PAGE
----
Two questions are presented: (1) Did the Chairman of the Commission as a co-owner of the premises involved have such interest in the license as would be forbidden by the statute?; (2) If so, did the action of the Chairman in disqualifying himself from taking any part in the hearing or in the deliberations of the Commission correct or cure any injury which might have been sustained by protestants or the public?
Protestants say that the business of selling alcoholic beverages has not been cloaked with the traditional freedom which [52 Del. 207] has favored most enterprises, but, on the contrary, has long been the subject of special regulation throughout this country; that under the provisions of Article 13 of the Constitution of this state, Del.C.Ann., the Legislature has been vested with wide power to prohibit or control the sale of alcoholic beverages; that in recent years the Legislature has provided for licensing the sale of alcoholic beverages by creating a Commission with discretion, within certain well-defined limits, to grant or deny the privilege of selling alcoholic beverages; that under the statute and also the public policy existing in this state members and employees of the Commission are foreclosed from enjoying the benefits of the license; that this restriction applies to any interest whatsoever, including that of owner of the premises for which the license is granted; that the fact that the member of the Commission in this instance disqualified himself from participating in the hearing and in the deliberations of the Commission did not cure the violation of the statute.
Applicant contends that the ownership of the premises under a written lease for a definite amount of rent, in the absence of any acceleration clause or a clause giving the owner a participation in the profits, is not such an interest as would be prohibited by the Act or by the public policy of this state. Furthermore, applicant says that the action of the Chairman in disqualifying himself from any participation in the hearing or in the deliberations of the Commission constituted an effective insulation from the proceedings and thereby prevented the protestants and the public from being prejudiced.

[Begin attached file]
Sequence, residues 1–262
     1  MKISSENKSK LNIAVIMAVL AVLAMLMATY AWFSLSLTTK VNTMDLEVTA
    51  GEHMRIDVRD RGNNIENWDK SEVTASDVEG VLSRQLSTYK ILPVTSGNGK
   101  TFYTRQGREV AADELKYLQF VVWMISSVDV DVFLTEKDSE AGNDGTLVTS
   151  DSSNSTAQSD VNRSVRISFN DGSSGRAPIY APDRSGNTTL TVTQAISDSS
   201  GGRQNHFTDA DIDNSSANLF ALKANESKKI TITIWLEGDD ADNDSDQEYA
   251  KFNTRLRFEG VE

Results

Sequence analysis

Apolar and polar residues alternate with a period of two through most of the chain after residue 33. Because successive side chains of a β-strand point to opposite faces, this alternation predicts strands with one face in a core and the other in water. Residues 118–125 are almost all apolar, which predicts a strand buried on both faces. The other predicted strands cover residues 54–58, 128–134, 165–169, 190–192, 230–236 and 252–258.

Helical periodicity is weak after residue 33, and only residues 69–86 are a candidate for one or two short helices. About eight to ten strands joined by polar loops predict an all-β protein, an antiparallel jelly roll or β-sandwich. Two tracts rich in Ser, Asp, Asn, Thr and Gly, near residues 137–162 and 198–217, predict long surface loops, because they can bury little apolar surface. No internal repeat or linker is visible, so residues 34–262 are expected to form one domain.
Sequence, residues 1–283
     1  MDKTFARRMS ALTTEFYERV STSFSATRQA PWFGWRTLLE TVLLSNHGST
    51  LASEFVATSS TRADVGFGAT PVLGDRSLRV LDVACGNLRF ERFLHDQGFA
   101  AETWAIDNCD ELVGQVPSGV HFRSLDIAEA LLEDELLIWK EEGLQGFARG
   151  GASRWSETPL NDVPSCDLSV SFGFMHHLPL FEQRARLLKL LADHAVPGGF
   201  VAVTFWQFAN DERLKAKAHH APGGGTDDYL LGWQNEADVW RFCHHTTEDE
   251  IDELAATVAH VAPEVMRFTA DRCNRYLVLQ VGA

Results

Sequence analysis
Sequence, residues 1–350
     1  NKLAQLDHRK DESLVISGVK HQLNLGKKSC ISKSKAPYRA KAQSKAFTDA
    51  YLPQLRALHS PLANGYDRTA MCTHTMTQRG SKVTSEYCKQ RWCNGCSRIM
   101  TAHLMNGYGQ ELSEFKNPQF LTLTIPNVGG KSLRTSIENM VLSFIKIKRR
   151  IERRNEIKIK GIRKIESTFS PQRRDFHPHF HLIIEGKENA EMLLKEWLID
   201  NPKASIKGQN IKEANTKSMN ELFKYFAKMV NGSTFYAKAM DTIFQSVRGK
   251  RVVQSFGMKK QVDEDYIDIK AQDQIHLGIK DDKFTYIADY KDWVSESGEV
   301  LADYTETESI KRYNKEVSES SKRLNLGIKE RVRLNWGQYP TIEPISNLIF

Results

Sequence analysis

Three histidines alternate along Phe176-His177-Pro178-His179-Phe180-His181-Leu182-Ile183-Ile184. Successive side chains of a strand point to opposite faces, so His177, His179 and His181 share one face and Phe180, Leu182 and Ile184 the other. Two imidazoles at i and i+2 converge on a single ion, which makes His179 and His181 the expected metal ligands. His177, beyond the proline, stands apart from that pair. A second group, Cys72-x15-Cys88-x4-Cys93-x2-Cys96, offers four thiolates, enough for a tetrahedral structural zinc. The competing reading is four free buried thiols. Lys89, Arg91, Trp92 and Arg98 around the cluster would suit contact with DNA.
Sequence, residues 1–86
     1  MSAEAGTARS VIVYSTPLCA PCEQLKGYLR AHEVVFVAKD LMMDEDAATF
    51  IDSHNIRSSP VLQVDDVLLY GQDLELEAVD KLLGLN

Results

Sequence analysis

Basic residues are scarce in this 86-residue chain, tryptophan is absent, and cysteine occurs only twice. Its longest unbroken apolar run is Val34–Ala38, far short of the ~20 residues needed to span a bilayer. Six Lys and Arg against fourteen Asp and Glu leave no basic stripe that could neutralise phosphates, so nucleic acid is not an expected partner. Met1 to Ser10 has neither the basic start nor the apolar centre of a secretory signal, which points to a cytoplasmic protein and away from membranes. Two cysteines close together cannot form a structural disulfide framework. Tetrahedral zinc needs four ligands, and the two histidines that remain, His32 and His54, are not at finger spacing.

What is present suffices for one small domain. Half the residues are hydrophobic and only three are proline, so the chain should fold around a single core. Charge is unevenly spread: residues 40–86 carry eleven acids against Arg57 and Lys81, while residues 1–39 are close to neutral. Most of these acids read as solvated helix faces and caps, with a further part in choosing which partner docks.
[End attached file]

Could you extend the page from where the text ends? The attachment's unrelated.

Protestants' argument is bottomed upon the interpretation which they allege should be given to the words 'directly or indirectly', as found in sub-paragraph (a), and the words 'any interest whatsoever', as found in sub-paragraph (b) in Section 307. They contend that this language should be interpreted as encompassing the interest which the Chairman has in the property in question as one of the owners and lessors of the premises.
[52 Del. 208] To determine the significance of these clauses as they appear in this statute, we must look into the purpose and intention
of the Legislature and ascertain its meaning from an examination of every section of the statute which in any way deals with the question raised. State v. Rose, 3 W.W.Harr. 168,132 A. 864, 45 A.L.R. 85. They must be given a reasonable and sensible meaning, having in mind such intent and purpose. Petition of Hoopes, 1 Terry 120, 5 A.2d 653.
Considering these sections as a whole it becomes apparent that there are a number of exceptions and limitations to the general prohibition of a member or employee of the Commission from having any interest in the sale or manufacture of alcoholic beverages. (1) Section 307(a) permits a Commissioner to have an interest not greater than ten per cent in the capital stock of a corporation having an interest in the sale or manufacture of alcoholic beverages. (2) Section 307(b) prohibits them from receiving any commission or profit or having any interest whatsoever in the purchases or sales made by the Commission or person authorized to purchase or sell. (3) They are permitted to own a minority interest in a corporation engaged in the manufacture and sale of denatured alcohol. (4) Section 308 provides that when appointed a Commissioner he shall furnish to the Governor a statement of every interest owned or held by him as a member of any partnership or a stockholder in any corporation or association engaged in the sale or manufacture of alcoholic liquors.
It will be observed that in all of these instances the provisions cited deal with the sale or manufacture of alcoholic beverages. Section 308 expressly relates to the sale and manufacture of alcoholic beverages. A reference to the original Act is also illuminating. Sections 307 and 308, in somewhat different language, originally constituted Section 7 of Chapter 18, 38 Del.Laws 91. Section 3 of this Act is the section on definitions of descriptive words as used in later sections. These words are in quotations. Thus the word 'sell' is defined as follows:
[52 Del. 209] 'Sell means: solicit or receive an order for; keep or expose for sale; deliver for value or in any other way than purely gratuitously; peddle; keep with intent to sell; keep or transport in contravention of any section or provision of this title; traffic in; or for any valuable ...